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Applying social work law to asylum and immigration
Applying social work law to asylum and immigration

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6 The current legal framework

The right to claim asylum is protected by international law, but as you have seen, the process for claiming asylum is governed by a complex range of statutory sources, guidance and rules that are frequently subject to change. The main sources of law are summarised in Box 3.

Box 3 Key sources of law on asylum

International instruments

Article 14 Universal Declaration of Human Rights 1948 (UDHR) states:

  1. Everyone has the right to seek and to enjoy in other countries asylum from persecution.
  2. This right may not be invoked in the case of prosecutions genuinely arising from non-political crimes or from acts contrary to the purposes and principles of the United Nations.

The UK is a signatory of the UDHR, but this only has the status of an international treaty in law and is not legally binding treaty obligation in the UK.

A much more comprehensive statement of the right to asylum is provided in the Refugee Convention, which prohibits the return of people persecuted on grounds of race, religion, nationality, membership of a particular social group or their political opinion. (The Refugee Convention was incorporated into domestic law by s2 Asylum and Immigration Appeals Act 1993.)

The UN Convention on the Rights of the Child 1989 states that ‘the best interests of the child shall be the primary consideration’.

UK domestic legislation

The policy of the UK government is to reduce net migration to the UK. There are tensions between the Scottish and UK governments in relation to asylum and immigration.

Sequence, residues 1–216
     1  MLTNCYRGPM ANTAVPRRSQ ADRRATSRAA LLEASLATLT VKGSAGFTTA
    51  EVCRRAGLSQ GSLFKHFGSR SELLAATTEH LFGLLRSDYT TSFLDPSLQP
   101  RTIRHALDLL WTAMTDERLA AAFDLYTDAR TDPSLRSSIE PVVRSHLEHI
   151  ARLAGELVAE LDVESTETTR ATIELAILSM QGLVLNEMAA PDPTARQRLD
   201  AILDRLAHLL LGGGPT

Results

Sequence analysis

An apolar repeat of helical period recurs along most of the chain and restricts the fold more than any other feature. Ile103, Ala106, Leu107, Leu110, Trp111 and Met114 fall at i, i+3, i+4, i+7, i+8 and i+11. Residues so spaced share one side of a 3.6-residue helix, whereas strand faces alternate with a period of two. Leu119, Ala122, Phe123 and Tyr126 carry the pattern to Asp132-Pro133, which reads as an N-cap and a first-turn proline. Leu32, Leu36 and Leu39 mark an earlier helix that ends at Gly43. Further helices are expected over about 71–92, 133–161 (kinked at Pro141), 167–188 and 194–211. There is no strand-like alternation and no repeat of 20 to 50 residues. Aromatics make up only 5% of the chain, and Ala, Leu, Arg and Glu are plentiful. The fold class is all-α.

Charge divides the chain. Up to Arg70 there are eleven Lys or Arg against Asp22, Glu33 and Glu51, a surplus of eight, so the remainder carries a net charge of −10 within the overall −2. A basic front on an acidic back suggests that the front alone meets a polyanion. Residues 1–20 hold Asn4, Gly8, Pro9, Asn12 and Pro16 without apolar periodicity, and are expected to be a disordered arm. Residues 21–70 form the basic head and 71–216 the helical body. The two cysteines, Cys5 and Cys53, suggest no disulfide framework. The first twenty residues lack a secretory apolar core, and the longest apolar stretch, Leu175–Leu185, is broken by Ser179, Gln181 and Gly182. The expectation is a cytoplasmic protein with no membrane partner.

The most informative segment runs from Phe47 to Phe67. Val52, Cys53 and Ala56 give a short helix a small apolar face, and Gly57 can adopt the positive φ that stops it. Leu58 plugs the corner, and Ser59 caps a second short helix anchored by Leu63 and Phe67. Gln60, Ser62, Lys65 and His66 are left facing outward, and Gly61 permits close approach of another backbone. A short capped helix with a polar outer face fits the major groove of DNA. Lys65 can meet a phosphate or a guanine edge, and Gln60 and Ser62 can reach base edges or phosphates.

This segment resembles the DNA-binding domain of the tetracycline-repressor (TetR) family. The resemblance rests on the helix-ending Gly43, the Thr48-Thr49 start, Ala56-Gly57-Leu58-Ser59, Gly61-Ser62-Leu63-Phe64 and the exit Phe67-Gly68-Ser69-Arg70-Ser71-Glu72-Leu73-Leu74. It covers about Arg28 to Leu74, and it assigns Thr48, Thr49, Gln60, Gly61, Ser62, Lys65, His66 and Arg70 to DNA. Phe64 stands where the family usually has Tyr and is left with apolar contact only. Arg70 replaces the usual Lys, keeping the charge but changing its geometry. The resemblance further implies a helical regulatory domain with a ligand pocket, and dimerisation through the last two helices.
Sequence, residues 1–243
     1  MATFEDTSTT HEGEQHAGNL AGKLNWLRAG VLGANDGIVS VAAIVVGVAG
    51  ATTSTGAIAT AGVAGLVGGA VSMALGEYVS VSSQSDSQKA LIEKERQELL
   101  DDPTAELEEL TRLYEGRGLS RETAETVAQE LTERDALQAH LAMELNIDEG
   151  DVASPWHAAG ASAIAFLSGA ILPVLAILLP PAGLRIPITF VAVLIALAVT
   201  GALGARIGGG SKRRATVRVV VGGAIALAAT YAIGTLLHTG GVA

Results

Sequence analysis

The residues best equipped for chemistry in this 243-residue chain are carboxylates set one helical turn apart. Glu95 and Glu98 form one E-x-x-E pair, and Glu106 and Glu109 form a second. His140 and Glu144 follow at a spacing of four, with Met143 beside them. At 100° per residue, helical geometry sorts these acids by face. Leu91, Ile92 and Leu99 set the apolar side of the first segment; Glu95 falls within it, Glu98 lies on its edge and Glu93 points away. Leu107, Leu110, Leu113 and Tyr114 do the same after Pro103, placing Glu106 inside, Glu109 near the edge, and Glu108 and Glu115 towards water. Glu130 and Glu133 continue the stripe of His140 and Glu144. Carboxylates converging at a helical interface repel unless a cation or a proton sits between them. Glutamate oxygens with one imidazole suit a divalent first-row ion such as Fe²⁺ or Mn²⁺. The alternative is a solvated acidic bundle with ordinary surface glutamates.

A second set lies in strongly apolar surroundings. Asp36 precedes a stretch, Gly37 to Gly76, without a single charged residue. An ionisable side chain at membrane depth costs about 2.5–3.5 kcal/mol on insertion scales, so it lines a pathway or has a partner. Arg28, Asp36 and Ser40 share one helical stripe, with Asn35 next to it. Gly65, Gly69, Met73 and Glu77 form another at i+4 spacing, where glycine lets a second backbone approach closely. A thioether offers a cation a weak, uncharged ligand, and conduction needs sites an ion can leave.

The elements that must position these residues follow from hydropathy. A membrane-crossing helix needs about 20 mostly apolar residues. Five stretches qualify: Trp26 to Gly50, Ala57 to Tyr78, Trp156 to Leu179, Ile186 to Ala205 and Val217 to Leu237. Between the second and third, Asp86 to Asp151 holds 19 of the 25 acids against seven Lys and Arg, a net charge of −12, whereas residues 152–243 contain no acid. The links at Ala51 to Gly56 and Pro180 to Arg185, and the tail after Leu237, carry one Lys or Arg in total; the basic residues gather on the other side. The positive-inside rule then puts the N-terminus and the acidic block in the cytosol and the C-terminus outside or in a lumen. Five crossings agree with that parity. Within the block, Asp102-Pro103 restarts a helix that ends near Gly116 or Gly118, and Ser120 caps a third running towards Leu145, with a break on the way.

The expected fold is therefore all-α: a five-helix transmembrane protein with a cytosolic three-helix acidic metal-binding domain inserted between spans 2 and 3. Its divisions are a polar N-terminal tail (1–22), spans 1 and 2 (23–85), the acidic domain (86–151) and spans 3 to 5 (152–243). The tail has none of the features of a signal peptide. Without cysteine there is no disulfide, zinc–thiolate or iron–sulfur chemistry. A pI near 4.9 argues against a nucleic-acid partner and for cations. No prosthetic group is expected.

The Immigration and Asylum Act 1999, as amended, outlines the process for asylum applications and appeals. It removed remaining benefit entitlements and set up the separate system of economic support and dispersal.

The Nationality Immigration and Asylum Act 2002 tightened the surveillance and control of asylum seekers with the introduction of accommodation and induction centres, asylum registration cards and measures to further restrict the availability of welfare support.

The Asylum and Immigration (Treatment of Claimants etc.) Act 2004 contains the power to withdraw financial support and accommodation from families who ‘fail to take reasonable steps’ to leave the UK after asylum refusal and exhaustion of appeal rights. It introduced a new criminal offence of arriving without documents and made some types of case support conditional on undertaking ‘community activities’.

The Immigration, Asylum and Nationality Act 2006 replaced backdated welfare entitlements for those granted refugee status with integration loans, amended end-of-line support, and specifically excludes terrorists from the protection of the Refugee Convention.

The UK Borders Act 2007 was part of a package of measures to tackle illegal working in the UK, and introduced new powers to, for example, enforce border controls, allow automatic deportation of some foreign nationals.

The Borders, Citizen and Immigration Act 2009 established a ‘path to citizenship’ for refugees, imposing additional probationary periods after ‘leave to remain’ is granted, sometimes described as ‘earned citizenship’. Section 55 introduced a duty for UK Visas and Immigration: to safeguard the welfare of children in line with the UK’s obligations under the UN Convention on the Rights of the Child 1989.

The Immigration Act 2016 and the Nationality and Borders Act 2022 have built on the government intent to make the immigration environment more hostile. For example, the Nationality and Borders Act has established the process to remove people seeking asylum to a ‘safe third country’ (at the time of writing, the Government plan is to remove people to Rwanda).